Ittrup also believes radio stations should not be politically biased.
"They're too opinionated. The FCC regulates that there should be room for everybody's opinion," Ittrup added.
Micro-broadcasters, however, argue against such censorship and say that the airwaves should be a free space for political discussion.
Joe Ptak, director of San Marcos' unlicensed KIND 105.9 said they are the only station covering local politics there. The FCC can issue only one legal frequency to the city of San Marcos and it was bought by Clear Channels' Oldies 103.5, which primarily targets Austin markets.
"We cover the entire political spectrum, from anarchist to patriots," said Ptak, "We air election debates between mayoral candidates. We interview Sen. Paul Wellstone, Congressman Ron Paul. We call congressmen and city officials on-air. We do an ombudsman show for callers to tell about their concerns, to address local problems in an immediate manner."
Lorenzo Ervin is the director of Black Liberation Radio which serves
the black community in Chattanooga, Tenn. BLR gives a black, radical spin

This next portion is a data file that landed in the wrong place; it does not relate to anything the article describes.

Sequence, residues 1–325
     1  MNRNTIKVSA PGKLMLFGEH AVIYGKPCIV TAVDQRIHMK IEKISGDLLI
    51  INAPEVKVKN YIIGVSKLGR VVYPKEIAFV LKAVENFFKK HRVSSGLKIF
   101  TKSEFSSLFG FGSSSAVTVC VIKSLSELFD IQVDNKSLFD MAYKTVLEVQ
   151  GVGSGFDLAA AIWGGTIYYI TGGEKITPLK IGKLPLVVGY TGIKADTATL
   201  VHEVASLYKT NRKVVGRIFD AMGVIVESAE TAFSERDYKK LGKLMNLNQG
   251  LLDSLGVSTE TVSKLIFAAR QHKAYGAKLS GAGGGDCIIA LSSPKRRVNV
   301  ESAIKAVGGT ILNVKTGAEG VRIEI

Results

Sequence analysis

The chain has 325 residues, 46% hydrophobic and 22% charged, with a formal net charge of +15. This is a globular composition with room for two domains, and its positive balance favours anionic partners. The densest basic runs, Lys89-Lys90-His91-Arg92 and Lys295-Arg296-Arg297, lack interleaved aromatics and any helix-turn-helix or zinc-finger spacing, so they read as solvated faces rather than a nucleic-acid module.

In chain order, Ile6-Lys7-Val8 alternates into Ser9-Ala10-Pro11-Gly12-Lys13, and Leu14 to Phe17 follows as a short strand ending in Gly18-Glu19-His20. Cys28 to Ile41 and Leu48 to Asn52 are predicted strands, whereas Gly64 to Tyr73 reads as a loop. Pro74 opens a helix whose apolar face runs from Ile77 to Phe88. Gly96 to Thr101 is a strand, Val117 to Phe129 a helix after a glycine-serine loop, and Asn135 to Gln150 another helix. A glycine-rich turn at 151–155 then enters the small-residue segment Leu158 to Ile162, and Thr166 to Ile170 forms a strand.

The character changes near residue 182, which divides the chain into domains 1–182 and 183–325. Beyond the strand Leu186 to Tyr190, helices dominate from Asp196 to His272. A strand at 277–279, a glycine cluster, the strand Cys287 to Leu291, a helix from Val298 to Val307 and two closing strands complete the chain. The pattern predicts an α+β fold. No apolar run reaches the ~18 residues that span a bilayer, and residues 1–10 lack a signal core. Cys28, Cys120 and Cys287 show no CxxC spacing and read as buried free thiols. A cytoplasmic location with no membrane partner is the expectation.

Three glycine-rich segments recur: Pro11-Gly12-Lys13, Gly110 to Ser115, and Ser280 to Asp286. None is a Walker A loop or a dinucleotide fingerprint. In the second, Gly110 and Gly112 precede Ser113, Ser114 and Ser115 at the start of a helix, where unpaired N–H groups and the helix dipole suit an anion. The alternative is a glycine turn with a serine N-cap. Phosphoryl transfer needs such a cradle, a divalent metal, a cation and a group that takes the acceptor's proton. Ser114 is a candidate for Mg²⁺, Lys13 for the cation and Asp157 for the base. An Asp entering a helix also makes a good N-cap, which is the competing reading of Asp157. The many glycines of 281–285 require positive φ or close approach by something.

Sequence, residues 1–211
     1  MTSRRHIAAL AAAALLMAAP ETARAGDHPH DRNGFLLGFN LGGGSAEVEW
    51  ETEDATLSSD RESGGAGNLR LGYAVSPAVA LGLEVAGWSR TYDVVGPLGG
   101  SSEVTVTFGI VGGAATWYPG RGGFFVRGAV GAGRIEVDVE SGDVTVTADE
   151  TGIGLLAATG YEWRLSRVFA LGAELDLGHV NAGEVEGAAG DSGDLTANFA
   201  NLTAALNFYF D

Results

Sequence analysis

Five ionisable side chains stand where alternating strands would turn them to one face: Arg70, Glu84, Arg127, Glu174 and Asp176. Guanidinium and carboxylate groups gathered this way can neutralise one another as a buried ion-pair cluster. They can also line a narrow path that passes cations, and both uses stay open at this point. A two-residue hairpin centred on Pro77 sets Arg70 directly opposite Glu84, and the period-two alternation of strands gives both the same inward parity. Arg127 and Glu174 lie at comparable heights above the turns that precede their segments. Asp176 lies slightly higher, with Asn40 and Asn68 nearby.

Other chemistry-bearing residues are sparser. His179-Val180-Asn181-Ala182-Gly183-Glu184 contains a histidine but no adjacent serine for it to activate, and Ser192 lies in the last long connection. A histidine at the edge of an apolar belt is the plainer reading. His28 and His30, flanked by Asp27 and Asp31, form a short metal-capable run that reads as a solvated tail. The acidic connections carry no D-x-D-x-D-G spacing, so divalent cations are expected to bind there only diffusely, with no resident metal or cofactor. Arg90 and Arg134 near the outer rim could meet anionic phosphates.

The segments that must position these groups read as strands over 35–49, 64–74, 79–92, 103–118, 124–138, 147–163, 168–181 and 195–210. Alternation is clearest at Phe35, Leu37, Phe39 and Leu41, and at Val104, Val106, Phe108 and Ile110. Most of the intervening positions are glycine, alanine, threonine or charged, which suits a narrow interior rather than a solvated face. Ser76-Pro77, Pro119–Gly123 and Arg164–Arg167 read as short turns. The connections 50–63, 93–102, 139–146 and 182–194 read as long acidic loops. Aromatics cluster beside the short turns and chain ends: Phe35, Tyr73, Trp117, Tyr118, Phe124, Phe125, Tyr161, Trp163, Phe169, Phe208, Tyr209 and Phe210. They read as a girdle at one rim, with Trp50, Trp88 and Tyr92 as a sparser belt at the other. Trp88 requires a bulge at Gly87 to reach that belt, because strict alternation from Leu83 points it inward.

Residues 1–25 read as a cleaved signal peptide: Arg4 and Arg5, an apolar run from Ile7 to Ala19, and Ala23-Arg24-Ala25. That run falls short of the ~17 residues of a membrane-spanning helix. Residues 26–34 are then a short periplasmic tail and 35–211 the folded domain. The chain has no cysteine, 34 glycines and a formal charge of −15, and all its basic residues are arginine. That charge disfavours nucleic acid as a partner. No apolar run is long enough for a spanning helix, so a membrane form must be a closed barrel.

to specific political and social issues. Ervin said the micro-radio is
a necessary political tool to serve "people who have been historically
disempowered, people who have been silenced, people who belong to racial minorities in America."
Ptak added that the biggest challenges KIND radio faces now are the FCC, Clear Channel and Capstar Broadcasting Corporation, which is headquartered in Austin and owns nearly 400 radio stations around the world. Capstar has just bought 105.9 FM Round Rock and threatens to take over KIND.
"One of the intentions of corporate-controlled media is to instill in people a sense of disenpowerment, of immobilization and paralysis. Its outcome is to turn you into good consumers," Barsamian said. "It is to keep people isolated, to feel that there is no possibility for social change."
Commercial radio stations broadcast at over 100,000 watts, covering hundreds of miles, while stations like KIND operate from 10 to 30 watts and cover a 10 mile radius. In 1978 the FCC banned any stations operating at less than 100 watts, citing interference and complaints as reasons.